Cutting From Black

Movie director

This morning I read an inspiring post, Your Life Is Always Just Beginning, on Raptitude by David Cain. This concept that each of us is always in the middle of a universe, physically, socially and spiritually, has been a prominent theme in my life lately. Because Cain uses film techniques metaphorically to express this idea, I decided to take his work and do a blackout poem in the Austin Kleon tradition. This poetic format seemed appropriate for the message. I encourage you to read the original essay that was used as the basis of this poem and explore Cain’s site at Raptitude.com: Getting better at being human.

Cutting From Black Title

Cutting From Black

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16 thoughts on “Cutting From Black

  1. Thanks, try it out sometimes. Even if I don’t use a complete original piece and black out parts like this one, I often highlight key words that jump out at me when I read a piece I enjoy and use them for inspiration. Thanks for following!

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  2. Absolutely beautiful. It looks like you had a rich basis text but your choice of words and phrases is excellent – as if you wrote the poem from scratch yourself. Though I’ve been thinking – in some ways all of our poems our “found.” Whatever the case, very nicely done.

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    1. Thank you, Nicole. The article is wonderful and I encourage you to read it. I agree that all poems are in a sense “found poems” in that we get our inspiration from others whose works we enjoy. I guess some are more “found” than others.

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  3. ‘Cutting to Black’ is a great piece. Blackout Poetry has become my addiction. I find it quite soothing to work on a poem. I experiment with shorter pieces with 5 to 7 line poems or longer as yours is. It opens your mind to see what is there but not seen before. I use pdf or something similar so as not to have to destroy a page from a book. The art some of the blackout poets are doing would amaze you. Paintings with lines of poetry mixed in. Absolutely beautiful. I would say you have figured out the searching part. I would just keep looking for other pages to work on. It doesn’t have to be literature. An article from a magazine can work. Just follow your urges. Let me know if and when you do another blackout poem. Thank you for sharing this one.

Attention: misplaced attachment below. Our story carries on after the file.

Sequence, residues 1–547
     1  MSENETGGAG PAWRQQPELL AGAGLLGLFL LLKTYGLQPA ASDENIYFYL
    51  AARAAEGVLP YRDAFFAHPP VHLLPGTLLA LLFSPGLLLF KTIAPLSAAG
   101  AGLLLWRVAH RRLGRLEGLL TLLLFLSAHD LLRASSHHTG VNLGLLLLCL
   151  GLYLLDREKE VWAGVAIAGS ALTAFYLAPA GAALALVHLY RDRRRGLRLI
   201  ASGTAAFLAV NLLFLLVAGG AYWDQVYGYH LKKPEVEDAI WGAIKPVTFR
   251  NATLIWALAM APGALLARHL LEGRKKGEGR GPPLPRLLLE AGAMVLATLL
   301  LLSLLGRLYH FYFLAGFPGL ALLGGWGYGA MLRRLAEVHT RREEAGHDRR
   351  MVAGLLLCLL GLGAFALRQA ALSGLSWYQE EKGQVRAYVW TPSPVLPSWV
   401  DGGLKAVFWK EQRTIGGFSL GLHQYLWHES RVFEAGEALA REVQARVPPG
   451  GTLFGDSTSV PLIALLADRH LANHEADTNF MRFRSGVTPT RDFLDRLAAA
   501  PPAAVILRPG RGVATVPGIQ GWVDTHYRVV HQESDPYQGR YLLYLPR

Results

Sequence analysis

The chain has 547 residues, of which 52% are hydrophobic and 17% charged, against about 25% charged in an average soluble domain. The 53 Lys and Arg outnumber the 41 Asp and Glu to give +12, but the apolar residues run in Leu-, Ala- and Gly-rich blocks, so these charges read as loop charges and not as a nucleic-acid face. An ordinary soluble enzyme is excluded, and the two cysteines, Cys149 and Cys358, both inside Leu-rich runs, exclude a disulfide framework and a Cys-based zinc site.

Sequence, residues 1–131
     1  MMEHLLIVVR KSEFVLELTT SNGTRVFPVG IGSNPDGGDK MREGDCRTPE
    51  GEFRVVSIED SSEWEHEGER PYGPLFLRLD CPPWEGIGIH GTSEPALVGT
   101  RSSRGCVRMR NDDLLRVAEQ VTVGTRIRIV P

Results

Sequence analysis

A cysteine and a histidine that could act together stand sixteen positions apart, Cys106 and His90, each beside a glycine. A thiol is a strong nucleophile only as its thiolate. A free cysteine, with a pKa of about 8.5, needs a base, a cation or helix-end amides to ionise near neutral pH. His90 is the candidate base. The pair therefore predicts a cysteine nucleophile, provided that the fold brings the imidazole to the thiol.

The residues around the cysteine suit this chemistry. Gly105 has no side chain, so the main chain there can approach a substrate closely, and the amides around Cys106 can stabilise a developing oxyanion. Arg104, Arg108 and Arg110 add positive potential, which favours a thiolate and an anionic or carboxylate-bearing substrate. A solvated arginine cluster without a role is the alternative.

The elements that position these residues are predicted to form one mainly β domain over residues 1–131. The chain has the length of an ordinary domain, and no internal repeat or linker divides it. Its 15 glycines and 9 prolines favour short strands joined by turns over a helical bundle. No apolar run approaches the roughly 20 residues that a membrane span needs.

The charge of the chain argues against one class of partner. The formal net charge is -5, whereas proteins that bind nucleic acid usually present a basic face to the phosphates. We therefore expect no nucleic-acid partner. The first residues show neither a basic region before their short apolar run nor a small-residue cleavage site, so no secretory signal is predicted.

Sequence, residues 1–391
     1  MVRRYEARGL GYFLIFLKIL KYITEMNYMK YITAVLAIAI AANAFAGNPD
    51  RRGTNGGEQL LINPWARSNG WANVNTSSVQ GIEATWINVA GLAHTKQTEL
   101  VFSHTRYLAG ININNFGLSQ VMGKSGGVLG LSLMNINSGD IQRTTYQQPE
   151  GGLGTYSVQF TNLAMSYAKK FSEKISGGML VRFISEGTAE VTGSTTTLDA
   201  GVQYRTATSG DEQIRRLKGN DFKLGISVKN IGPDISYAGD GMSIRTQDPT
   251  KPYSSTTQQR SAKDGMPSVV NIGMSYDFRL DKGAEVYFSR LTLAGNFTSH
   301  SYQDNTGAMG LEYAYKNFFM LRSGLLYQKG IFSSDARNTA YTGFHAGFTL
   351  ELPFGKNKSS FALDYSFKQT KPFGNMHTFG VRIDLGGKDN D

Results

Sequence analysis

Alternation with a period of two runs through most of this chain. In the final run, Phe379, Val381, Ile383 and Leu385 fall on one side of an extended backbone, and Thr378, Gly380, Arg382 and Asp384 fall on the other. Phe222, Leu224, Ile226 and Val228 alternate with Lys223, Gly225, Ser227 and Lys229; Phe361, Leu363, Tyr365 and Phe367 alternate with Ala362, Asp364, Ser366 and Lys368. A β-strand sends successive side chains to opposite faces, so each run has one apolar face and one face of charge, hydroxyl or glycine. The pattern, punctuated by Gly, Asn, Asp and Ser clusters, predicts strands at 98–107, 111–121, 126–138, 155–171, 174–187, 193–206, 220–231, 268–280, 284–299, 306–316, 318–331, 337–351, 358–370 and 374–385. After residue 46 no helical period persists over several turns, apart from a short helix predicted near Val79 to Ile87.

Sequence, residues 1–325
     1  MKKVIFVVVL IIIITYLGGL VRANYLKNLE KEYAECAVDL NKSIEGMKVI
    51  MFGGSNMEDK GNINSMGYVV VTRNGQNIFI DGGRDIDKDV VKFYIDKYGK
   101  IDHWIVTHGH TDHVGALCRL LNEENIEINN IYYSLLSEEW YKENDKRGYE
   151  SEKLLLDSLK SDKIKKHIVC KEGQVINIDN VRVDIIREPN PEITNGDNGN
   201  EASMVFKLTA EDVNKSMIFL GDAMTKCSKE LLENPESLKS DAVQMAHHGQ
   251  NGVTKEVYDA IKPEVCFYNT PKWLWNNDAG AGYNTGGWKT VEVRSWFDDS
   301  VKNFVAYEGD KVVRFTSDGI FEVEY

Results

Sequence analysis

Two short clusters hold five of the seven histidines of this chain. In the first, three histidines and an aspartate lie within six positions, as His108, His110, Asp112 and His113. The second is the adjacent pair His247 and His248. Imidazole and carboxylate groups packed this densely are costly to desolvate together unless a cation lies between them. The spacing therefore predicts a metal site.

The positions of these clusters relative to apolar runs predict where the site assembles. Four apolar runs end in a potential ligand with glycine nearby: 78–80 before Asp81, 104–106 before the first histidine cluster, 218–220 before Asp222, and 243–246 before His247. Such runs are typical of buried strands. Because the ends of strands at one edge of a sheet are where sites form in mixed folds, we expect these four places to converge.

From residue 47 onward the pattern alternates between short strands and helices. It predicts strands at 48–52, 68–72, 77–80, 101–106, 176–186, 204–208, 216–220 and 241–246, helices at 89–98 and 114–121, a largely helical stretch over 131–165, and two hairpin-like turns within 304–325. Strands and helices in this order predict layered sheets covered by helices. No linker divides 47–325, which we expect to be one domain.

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    1. Thank you for your response. I had never thought of incorporating art in a black out poem. I am only familiar with the blackout poetry of Austin Kleon. I would love to see the works of others if you have any links. I have read your collection – inspiring! I am so glad I have stumbled upon your sight.

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      1. I am glad you did, also. I am trying to tell you the best places to go. Have you heard of Tumblr? If you create a blog on it, you don’t have to do any blogging unless you want to. Where I am going with this is, you get on Tumblr and write in the search box for Blackout Poems, it will give you a lengthy assortment of posts of poems. Or join Pinterest and do the same thing. If you belong to any of these two sights let me know. I will send you my link to both. The other place to get a great look at a good assortment is Google Image. Just write in Blackout Poems. Pages and pages of poems will appear. I am just finding my way but these are the best of Blackout Poetry I have found. From their I collect it. My Pinterest collection is growing. I have about 30 to 40 or maybe more Poems. Not sure. Have been working on my own. I plan on working on something this week. Certain classics are great to pull pages from. No problem with copyright. Have fun. Let me know what you find. – jk (jennifer)

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